A Backyard Radio Telescope
I'm building a radio telescope in my back yard, along with a few dozen teams across the country. With an upside down pyramid of aluminium cladding taped to a sawn-off olive oil tin wired to a USB TV tuner, we'll be able to figure out the rough shape of the galaxy.
It all started with a tweet from @SpaceAusDotCom:
We're excited to announce the first of our #InspiringNextGen projects - and want you to join!— SpaceAustralia.com (@SpaceAusDotCom) November 23, 2019
Join our community project to build your own DIY Radio Telescope. Open to everyone; all about learning about Radio Astronomy.https://t.co/kYdBk2sqg6#SpaceAusScope
Credit: Hackaday pic.twitter.com/5TDmeePrlB
I was well disposed to this idea, having seen some of @SarahJamieLewis’ results, so, I got Rami to put Newcastle on the map amongst what turned out to be over thirty teams including radio astronomers, big E engineers, other people who know their stuff, and software engineers like me who are here to help.
Slack's not so great for sharing back to the wider community, though, and we'll inevitably hit the 10,000 message limit and have everything scroll off1, so I'm going to organise and publish my thoughts here.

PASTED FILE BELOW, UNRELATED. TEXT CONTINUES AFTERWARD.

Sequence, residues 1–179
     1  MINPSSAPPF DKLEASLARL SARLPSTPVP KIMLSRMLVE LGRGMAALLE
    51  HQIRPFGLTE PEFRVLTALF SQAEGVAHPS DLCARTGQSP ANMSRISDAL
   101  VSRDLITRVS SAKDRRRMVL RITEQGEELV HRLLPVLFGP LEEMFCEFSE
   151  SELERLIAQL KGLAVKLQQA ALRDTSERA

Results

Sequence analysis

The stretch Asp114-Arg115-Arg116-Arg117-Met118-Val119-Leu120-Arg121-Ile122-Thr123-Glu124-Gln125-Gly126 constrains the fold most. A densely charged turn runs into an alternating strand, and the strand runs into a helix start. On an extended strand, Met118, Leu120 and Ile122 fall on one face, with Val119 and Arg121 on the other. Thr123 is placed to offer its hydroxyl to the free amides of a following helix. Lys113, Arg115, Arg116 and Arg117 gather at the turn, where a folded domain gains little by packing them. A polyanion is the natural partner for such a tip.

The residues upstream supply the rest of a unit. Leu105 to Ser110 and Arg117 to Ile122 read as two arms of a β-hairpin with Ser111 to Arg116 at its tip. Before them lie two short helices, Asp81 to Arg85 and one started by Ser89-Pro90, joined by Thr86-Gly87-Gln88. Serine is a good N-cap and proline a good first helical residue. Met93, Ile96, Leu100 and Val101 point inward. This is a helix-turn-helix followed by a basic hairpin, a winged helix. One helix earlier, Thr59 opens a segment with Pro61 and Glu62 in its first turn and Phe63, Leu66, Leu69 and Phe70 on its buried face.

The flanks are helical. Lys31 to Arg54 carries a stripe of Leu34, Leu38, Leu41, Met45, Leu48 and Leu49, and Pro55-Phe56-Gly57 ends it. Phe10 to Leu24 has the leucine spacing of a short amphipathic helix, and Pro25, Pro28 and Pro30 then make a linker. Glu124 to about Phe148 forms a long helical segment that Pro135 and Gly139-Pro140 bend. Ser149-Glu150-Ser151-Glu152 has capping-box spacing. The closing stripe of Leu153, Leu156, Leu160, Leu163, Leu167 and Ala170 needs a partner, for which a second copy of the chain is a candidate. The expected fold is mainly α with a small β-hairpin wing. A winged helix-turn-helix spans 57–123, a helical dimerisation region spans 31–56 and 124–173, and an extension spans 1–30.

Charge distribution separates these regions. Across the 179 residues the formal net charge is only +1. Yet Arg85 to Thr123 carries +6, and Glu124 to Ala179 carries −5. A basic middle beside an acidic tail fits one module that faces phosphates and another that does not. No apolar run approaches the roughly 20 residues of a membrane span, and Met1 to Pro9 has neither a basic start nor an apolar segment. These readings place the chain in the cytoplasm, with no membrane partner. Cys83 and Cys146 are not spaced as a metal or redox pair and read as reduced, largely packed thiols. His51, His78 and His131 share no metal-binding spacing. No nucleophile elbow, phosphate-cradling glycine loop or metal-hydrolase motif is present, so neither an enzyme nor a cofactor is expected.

What are you building, again?
We're going to build compact radio telescopes capable of picking up the Hydrogen line, also known as the H I line and, because the I is a Roman numeral, H1. We can do so affordably because we're building a single purpose instrument to replicate research first done in 1951 using modern hardware.
To get a narrow angular resolution, especially at low frequencies, a general purpose radio telescope needs to be huge. We're working at a high frequency with low angular resolution, though, so we don't need an antenna big enough for a game of backyard cricket:
Thanks to a chipset mass-produced for USB TV tuners that a bloke named Eric Fry figured, in 2010, could be used as cheap hardware for Software-defined Radio (SDR), we don't even need an antenna the size of a garden shed, though most2 of us are copying its design because it's not just a horn — it's the horn:
… which brings us back to the aluminium cladding pyramid and olive oil tin.
The pyramid is a pyramidal horn antenna, which for this purpose is pretty good and a whole lot easier to build than the alternatives. The olive oil tin turns out to make an ideal radio frequency wave guide, through which we'll poke a probe antenna connected to our signal processing chain. At the front of that chain, a low noise amplifier will add several zeroes to the signal strength before feeding it to the SDR chipset and software on our laptop.
Bit by bit, I plan to redirect those links to blog posts in which I go to more detail. Y'know, once I figure it out.
Soon to be an archaic term, if it isn't already. ↩︎
At least one team will try a dish, in the 1–2m range if I recall correctly. ↩︎